The path they took to the bomb was constrained by the lack of understanding at the time that Boron was poisoning graphite moderation and preventing graphite moderated natural uranium fuel reactors. I recall seeing that the German Uranverein was prevented from producing sufficient quantities of plutonium because they couldn't get their graphite moderators to work for this reason, and with a starvation of Heavy water from Norway(?) when that facility was attacked, any pathway to plutonium without enrichment was shut-down.

    If I recall correctly the Manhattan project was overly complex including a program that collected 16,000 metric tons of Silver that inevitably got scrapped in favor of a gaseous diffusion process.

    They hadn't even invented the centrifuge enrichment process at that time, at least not into production quality.

    The goal of the Manhattan project was to get the bomb, period, and had numerous inefficiencies and glaring over-sights compared to with what is available today.

    So it's a great starting point but I think in the context of Iran vs. North Korea there's a bit more going on that weren't available to the scientists and engineers of the Manhattan project. I'd like to know more about the less mainstream methods, more about why they aren't chosen today after greater advances in the fuel cycles, moderation, and reactors to breed fissionable products.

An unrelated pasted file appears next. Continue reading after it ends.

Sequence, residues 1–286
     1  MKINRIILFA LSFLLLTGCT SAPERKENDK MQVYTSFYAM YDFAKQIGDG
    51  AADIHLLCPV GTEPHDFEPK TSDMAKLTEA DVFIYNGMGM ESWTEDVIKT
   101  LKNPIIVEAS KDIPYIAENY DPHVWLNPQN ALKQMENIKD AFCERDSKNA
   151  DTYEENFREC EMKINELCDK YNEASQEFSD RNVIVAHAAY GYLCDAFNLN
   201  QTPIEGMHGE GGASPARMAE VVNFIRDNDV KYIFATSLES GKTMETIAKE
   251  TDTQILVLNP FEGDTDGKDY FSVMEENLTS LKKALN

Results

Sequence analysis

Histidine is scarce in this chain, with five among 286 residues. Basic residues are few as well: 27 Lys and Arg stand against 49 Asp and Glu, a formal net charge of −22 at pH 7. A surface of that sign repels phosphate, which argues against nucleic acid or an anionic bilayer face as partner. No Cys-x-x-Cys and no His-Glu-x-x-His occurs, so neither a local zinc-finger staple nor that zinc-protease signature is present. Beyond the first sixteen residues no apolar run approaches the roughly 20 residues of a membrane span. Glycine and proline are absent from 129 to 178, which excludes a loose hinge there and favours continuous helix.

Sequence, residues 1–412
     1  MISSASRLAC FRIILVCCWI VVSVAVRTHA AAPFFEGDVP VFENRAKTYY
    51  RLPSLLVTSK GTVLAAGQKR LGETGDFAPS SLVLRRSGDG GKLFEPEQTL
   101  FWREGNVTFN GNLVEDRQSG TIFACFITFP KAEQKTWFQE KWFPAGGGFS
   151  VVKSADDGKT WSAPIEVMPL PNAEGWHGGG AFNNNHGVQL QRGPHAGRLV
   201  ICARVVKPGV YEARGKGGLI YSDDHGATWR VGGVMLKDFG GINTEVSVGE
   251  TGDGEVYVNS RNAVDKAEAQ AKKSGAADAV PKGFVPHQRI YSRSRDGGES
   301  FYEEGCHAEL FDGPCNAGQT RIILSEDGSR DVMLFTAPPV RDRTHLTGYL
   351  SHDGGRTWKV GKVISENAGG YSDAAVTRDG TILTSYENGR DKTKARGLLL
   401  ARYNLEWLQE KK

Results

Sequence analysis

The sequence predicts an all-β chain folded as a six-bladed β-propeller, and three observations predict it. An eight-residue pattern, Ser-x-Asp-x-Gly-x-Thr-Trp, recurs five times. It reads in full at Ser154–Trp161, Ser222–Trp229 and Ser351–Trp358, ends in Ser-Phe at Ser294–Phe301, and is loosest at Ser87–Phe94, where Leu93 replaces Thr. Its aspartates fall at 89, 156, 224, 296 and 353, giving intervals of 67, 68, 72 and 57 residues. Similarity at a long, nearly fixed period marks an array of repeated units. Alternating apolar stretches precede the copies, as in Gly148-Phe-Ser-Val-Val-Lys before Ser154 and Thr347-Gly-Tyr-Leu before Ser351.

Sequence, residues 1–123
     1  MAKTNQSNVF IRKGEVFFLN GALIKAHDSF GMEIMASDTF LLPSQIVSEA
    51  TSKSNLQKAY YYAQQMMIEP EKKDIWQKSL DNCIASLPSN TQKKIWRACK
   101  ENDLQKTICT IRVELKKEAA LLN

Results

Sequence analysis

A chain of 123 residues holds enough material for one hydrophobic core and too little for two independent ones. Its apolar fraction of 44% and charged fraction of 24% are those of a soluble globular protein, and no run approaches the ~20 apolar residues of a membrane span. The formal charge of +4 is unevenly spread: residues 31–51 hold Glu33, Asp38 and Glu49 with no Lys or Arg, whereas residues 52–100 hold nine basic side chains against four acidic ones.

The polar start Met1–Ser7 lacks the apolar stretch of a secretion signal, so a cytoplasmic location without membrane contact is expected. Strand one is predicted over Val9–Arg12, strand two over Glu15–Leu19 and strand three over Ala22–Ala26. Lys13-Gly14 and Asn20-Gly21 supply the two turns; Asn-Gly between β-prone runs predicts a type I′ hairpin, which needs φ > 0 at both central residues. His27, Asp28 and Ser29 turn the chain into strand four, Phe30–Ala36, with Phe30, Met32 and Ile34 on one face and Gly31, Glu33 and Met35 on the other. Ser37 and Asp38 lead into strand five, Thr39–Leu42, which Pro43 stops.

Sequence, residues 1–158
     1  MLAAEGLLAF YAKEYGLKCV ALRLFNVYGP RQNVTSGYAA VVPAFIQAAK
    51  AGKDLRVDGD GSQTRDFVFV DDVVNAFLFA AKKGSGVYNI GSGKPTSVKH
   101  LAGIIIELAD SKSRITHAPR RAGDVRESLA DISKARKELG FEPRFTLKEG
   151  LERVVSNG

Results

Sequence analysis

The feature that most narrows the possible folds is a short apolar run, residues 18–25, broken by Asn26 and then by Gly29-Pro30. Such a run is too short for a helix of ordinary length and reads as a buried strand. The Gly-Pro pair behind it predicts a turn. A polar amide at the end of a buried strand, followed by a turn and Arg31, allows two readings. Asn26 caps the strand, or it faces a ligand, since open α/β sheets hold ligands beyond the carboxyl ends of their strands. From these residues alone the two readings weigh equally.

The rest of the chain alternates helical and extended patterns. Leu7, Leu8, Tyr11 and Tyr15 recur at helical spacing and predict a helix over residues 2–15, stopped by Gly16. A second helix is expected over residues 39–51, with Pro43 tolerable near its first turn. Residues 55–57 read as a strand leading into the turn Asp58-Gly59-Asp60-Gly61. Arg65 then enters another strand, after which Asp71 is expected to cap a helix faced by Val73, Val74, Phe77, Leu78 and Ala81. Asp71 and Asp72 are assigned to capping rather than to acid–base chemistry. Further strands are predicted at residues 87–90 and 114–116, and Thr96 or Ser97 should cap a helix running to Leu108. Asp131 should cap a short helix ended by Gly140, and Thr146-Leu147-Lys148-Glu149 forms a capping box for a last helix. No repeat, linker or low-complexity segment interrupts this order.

Mainly I don't see why centrifuges play a vital role when, as mentioned, graphite reactors can produce the 239Pu, and Thorium can produce the 233U fissionable triggers?

    Not sure about the solution to Nuclear Proliferation process. It seems the case of policy paralysis. "The entire world will be destroyed if you don't make the right decision, what's your decision?" typically leads to paralysis and no decision.

    It got out of control with a bomb-making arms race, early Nuclear reactor technology seemed more easy to control for peaceful purposes, and just seems to have spiraled out of control from there?
     
    Last edited by a moderator: May 3, 2017
  8. May 2, 2017 #7
    Can we get this down to a specific issue.please.
    Are we talking about the proliferation of nuclear weapons as a matter of global political concern,
    or are we talking about the most efficient methods of producing nuclear weapons?
     
  9. May 2, 2017 #8
    It's more along the lines of why does public discourse only seem to talk about the least efficient method to produce nuclear weapons. 235U enrichment?

    Is there reasons that a graphite moderated reactor producing 239Pu is not sufficient?

    Is there a reason that doping Thorium and extracting 233U is not sufficient?

    Or is the other reason something like, because those are less police-able we "ignore them"...out of sight out of mind kind of thing?
     
  10. May 2, 2017 #9
    According to many reports, North Korea is working on both uranium and plutonium bombs. It already has lots of uranium.